In conjunction with the 46th annual Nashville Film Festival, Watkins College of Art, Design & Film will present a free screening of the past year’s most outstanding productions on Saturday, April 16, beginning at 4 p.m. at Regal Cinemas, Green Hills Stadium 16.
“The Watkins Student Film Showcase” will offer a lineup of short narratives (not in NaFF competition) selected by Film School faculty from all completed films in each of the four production classes from the 2015 spring and fall semesters.
There is no admission charge, but reservations are strongly encouraged because seating is limited: email name and contact information to firstname.lastname@example.org (limit 2 tickets per person)
The films, in screening order, are:
- Van Gogh’s Left Ear, directed by Emma Holyfield
- Alice, directed by Robin Summer
- Moscow Station, directed by Alexander Mattingly
- Lunch Letters, directed by Micah Atkinson
- Pillow Talk, directed by Jason Harper
- Willfully Ignorant, Dangerously Stupid, directed by S.T. Davis
- Aspies, directed by Travis Slagle
This is the third consecutive year that Watkins has partnered with NaFF on this showcase.
Now in its 46th year, the Nashville Film Festival (NaFF) runs April 14–23 at the Regal Green Hills Cinema. Visit nashvillefilmfestival.org for the 200-film schedule of narrative and documentary shorts and features, world premieres and guest artists.
About the Program
The Film School at Watkins College of Art, Design & Film is distinguished by a film curriculum that explores the artistic, technical and business aspects of independent filmmaking. With a focus on dramatic narrative film, the Film School helps students find their personal voice and style in order to incorporate these elements into their narrative work. All film students take film courses their first year of study and begin production within their second year, depending on their program of study.
Production courses are small, allowing for faculty mentoring and advising and close collaboration with colleagues.
The Film School offers the Bachelor of Fine Arts Degree (BFA) in Film, with classes in producing, directing, screenwriting, cinematography and editing. In addition to the film curriculum, undergraduate students are required to complete a Visual Arts Core of studies and a General Education Core, designed to create a program for a well-rounded filmmaker and visual artist.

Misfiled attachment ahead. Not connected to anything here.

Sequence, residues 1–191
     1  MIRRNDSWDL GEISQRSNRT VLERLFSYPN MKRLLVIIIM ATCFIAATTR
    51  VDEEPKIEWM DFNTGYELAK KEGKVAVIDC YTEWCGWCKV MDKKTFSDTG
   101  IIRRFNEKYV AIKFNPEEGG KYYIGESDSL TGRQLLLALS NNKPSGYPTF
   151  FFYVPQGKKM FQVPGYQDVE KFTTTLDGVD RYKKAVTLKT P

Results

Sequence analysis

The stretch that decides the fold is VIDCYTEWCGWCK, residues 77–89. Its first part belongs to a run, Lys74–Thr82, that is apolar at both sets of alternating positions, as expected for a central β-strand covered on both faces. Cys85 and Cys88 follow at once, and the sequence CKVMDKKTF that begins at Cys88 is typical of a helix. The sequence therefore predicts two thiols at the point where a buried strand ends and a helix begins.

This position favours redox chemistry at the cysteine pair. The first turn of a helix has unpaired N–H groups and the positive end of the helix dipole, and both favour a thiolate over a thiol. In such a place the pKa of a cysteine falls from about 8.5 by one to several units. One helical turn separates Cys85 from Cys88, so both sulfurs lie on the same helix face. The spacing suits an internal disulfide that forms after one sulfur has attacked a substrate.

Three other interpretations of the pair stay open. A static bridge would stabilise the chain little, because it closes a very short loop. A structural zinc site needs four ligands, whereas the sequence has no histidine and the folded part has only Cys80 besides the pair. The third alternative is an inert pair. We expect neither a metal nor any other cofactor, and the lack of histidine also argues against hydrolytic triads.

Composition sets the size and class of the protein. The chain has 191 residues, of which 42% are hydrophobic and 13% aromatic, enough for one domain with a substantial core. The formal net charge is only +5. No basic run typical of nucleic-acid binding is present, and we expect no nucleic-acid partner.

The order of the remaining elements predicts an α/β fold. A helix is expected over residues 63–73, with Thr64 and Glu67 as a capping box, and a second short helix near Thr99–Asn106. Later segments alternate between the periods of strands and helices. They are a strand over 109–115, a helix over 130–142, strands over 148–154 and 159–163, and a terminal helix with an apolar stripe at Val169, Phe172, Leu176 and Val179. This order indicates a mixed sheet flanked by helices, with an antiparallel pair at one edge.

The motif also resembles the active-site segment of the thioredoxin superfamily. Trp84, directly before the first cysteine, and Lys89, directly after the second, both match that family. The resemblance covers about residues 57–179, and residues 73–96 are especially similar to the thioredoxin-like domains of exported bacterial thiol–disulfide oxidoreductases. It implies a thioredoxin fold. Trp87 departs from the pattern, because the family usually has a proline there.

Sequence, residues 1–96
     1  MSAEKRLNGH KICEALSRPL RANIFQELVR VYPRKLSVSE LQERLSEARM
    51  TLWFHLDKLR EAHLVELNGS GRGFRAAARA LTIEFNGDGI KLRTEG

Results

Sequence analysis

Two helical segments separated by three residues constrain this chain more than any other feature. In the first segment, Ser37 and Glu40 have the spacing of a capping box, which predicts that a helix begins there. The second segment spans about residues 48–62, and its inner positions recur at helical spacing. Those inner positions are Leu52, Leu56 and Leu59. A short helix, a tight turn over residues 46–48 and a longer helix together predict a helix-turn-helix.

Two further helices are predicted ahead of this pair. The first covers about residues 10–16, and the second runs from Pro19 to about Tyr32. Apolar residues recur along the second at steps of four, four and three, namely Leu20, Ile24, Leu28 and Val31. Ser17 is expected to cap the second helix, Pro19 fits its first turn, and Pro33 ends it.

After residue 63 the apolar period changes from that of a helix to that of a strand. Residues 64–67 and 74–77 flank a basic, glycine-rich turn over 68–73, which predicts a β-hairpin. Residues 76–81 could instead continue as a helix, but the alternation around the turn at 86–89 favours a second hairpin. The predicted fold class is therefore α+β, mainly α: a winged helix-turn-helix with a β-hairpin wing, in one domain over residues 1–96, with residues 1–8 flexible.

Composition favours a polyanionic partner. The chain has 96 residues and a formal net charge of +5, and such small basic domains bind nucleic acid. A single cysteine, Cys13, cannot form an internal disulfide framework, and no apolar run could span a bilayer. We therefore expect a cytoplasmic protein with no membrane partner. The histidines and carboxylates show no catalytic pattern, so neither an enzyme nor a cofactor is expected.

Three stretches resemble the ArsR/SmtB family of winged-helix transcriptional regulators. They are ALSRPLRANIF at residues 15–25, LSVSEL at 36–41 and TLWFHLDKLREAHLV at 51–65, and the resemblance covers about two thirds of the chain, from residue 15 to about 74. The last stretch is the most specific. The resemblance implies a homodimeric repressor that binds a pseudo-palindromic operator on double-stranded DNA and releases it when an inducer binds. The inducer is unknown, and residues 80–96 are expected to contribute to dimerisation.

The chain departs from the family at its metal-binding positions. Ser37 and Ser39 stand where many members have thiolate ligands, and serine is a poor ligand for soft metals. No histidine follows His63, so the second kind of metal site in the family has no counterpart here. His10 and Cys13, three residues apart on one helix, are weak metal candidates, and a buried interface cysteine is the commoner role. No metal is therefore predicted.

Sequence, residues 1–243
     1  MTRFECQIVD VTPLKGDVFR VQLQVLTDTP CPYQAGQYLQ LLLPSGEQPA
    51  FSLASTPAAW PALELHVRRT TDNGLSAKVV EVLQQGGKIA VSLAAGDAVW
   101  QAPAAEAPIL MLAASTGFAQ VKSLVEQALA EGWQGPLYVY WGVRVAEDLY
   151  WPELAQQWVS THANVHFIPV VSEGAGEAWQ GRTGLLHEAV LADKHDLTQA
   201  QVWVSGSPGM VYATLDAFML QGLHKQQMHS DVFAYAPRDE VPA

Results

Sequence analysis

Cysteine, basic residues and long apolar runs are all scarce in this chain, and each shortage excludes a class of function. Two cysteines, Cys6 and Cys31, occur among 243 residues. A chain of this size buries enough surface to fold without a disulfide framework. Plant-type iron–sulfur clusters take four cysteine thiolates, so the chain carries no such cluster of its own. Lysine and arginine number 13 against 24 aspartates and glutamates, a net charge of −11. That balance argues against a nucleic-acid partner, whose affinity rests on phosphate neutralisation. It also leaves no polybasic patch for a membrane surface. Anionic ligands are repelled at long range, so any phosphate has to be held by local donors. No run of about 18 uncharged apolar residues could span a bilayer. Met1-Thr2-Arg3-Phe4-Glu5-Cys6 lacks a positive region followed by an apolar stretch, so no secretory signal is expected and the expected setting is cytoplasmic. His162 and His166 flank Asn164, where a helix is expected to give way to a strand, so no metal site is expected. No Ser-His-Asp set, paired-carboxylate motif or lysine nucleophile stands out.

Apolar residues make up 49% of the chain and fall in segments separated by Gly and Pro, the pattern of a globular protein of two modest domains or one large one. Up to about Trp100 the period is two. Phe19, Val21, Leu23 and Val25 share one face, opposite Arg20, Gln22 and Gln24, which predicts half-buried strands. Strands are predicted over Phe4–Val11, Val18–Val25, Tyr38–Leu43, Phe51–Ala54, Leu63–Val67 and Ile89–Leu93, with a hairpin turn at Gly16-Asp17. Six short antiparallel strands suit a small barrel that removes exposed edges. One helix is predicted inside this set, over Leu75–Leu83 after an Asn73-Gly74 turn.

In Fall 2016, Watkins launches a Master of Fine Arts (MFA) in Film Production. The college’s first graduate program is a two-year course of study designed on a “flex” schedule, and applications are now being accepted via microsite MFA.Watkins.edu.
Watkins’ Film Production MFA offers an immersive, collaborative experience in narrative and non-narrative storytelling, with training in producing, directing, cinematography, screenwriting and editing, and emphasis on professional practice. Core courses will be held on evenings and weekends, allowing working professionals to enroll while continuing in their jobs. Additional electives will be offered during weekday daytime hours and summer opportunities are planned for students to complete courses, including independent study, internships and an independent feature/series project.
About the Nashville Film Festival
Nashville Film Festival (NaFF), April 14–23, 2016, presented by Nissan, brings the world to Nashville in an extended 10-day celebration of film. NaFF’s hub is Regal Green Hills Cinemas with 200 competition films, educational presentations and parties. NaFF is a public festival attended by filmmakers and industry insiders and an Academy Award Qualifying Event for short films. In addition to Nissan, NaFF is sponsored by Comcast/Xfinity, Regal Entertainment Group, Southwest Airlines, Tennessee Arts Commission and Metro Arts of Nashville. The Festival annually garners notice from the Associated Press, The New York Times, The Wall Street Journal online, MovieMaker Magazine, Film Festival Today, IndieWire, Variety, Billboard, New York and Script Magazine.